Goodreads- Several ways to use Goodreads. Giveaway your book, but ask for reviews in return. Going up a few notches on the site can definitely increase your eBook purchases. There are several Goodread groups that have giveaways. Getting 100 reviews on Amazon will go a long way on your eBook’s sales. Second, is advertising. Goodreads lets you advertise. Spend some money. It works like Google’s adwords with PPC bidding. Try it out. Lots to learn for this. If you got the budget, higher a professional.
Newspaper- Pay for a review. Unethical… maybe, but it is done all the time through blogs. Companies pay blogs to review products and write reviews about them. So why not pay a newspaper to do the same? Or write articles for the newspaper’s online edition with links to your website at the bottom. Do this for all sorts of online publishing jobs available.
Webpage and SEO- Make your webpage, and make is good. Use wordpress.org (not .com) for an easy do it yourself. Or get a company to custom build a website for you. Add the web shop as well. It can be done for under $500 and maybe $250 yearly.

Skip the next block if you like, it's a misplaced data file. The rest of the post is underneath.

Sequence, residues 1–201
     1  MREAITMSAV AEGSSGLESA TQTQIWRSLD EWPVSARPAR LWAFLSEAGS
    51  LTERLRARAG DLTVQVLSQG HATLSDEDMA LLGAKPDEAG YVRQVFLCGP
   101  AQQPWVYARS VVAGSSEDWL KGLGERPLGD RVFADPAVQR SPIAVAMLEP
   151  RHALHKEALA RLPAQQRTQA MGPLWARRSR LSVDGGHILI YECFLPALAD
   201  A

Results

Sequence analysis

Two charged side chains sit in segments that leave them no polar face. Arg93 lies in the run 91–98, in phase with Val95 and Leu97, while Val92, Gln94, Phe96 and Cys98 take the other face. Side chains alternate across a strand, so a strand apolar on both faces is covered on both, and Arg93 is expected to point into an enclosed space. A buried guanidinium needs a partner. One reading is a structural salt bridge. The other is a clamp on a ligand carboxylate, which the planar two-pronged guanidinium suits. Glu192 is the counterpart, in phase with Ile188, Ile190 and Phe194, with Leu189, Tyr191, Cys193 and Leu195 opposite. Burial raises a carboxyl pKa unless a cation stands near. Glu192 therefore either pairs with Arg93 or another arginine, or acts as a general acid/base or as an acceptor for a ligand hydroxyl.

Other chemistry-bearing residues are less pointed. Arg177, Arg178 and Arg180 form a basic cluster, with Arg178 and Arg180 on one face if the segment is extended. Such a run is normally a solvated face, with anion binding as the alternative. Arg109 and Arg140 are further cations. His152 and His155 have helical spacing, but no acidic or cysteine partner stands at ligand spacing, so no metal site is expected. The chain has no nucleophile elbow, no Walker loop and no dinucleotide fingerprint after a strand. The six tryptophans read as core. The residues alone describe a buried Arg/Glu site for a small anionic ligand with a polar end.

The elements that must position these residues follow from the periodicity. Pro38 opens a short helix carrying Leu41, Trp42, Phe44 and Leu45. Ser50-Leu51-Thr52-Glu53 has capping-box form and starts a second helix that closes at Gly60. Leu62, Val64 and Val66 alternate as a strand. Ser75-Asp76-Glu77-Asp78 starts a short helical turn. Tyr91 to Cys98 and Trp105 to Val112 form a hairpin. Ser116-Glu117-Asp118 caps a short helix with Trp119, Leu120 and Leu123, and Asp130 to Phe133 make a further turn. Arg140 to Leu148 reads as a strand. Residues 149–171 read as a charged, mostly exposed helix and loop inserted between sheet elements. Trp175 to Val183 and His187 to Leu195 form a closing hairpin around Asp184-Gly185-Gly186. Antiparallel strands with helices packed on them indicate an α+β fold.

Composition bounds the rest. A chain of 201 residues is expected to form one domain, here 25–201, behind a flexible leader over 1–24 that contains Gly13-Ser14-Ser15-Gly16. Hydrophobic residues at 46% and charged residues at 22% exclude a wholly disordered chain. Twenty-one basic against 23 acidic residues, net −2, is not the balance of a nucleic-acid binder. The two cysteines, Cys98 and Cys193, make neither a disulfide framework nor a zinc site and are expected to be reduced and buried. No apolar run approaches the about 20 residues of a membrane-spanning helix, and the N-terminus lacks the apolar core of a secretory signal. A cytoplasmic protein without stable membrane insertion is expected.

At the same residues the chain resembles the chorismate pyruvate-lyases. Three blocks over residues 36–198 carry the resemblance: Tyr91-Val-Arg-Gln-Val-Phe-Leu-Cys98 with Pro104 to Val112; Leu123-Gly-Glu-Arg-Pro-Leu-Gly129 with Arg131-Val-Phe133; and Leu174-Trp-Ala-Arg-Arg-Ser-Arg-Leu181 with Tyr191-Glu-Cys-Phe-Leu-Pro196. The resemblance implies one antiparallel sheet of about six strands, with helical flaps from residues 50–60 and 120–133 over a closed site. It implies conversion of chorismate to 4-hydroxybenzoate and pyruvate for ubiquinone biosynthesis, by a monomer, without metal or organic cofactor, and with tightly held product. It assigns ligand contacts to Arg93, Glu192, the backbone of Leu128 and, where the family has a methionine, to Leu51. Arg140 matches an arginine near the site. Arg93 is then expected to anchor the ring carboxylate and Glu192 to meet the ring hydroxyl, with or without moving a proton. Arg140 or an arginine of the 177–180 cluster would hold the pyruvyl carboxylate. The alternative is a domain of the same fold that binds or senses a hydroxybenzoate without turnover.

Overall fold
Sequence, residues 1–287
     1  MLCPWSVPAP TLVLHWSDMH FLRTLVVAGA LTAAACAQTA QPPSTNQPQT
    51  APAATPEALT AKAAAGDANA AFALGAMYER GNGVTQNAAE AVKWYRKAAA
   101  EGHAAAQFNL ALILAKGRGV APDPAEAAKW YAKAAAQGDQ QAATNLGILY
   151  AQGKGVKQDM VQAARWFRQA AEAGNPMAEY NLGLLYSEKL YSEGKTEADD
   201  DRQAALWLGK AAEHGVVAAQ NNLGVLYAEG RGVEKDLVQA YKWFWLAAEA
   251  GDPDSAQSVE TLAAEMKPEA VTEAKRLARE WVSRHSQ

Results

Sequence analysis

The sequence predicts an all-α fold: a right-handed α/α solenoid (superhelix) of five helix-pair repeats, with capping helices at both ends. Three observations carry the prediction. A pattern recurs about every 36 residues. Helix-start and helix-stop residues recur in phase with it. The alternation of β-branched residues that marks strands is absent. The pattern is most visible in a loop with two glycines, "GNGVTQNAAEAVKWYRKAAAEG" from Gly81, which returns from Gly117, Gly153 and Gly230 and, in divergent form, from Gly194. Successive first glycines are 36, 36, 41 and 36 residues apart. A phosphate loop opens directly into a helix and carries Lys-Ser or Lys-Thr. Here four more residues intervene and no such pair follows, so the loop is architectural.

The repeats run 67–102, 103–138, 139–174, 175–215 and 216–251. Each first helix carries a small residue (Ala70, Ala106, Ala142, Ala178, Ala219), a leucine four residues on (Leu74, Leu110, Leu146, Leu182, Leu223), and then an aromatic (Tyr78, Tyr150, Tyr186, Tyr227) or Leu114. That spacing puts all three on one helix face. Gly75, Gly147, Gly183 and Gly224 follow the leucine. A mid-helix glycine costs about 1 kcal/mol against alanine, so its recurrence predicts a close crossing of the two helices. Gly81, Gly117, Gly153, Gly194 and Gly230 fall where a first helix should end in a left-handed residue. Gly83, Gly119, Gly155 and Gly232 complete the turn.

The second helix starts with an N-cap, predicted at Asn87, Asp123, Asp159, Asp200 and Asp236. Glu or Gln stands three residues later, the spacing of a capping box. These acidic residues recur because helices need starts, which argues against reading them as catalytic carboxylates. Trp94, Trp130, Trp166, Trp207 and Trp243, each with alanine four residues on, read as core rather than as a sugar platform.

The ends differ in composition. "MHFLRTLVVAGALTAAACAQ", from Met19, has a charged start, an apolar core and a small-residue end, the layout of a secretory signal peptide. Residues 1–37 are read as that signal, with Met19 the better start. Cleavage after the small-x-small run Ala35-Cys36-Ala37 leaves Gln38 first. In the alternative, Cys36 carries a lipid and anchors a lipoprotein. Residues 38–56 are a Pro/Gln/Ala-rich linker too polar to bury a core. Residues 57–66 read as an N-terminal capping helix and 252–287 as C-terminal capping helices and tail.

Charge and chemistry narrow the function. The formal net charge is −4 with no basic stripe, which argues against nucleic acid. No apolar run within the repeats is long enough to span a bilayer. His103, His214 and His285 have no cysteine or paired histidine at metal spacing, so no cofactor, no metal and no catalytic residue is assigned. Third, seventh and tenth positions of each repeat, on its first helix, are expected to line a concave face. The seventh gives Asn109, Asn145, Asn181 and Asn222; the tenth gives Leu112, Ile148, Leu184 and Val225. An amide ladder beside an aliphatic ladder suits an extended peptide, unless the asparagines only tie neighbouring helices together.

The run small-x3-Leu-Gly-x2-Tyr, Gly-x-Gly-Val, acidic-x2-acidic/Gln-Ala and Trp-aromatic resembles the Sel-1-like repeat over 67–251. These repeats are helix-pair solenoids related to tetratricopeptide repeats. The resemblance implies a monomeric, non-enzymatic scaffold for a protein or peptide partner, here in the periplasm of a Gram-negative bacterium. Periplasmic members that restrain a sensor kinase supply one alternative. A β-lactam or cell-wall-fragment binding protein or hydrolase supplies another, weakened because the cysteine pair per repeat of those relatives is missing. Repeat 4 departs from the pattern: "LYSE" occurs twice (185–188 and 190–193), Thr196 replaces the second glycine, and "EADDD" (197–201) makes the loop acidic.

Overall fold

Your Blog- For every blog post you write, you need to twitter it 12 times, write a press release and distribute it to quality press release sites (not free ones), write a summary for digg, stumbleupon, reddit, etc. and link to other blogs. Invite guest authors. Create engagement. Ask Questions.
Giveaways- Give your eBook away, for free reviews of course! Reviews will help distributors like Amazon, Smashwords, Barnes and Noble to move your book higher in the rankings. I don’t like this method anymore, people don’t write reviews, people don’t care. No value on a free book.
Friends and family- Get your friends and family to read your eBook, for free. If they read it for free then they will tell people (if it is good), and write reviews for you. Tell them to write reviews for you. Very important.
Facebooks- Engage, Interest, Sell. Focus on these three and you will be successful. Engage people, interest them in quotes from your book, and try a little sales as well (soft and hard).
Authonomy/Goodreads/Etc.- Add your book and check out options.
If you are reading blogs’s about self-publishing, you are reading the wrong blogs (unless you want emotional support). You need to read marketing blogs. Here’s what I follow. (let me know if you got some other good ones)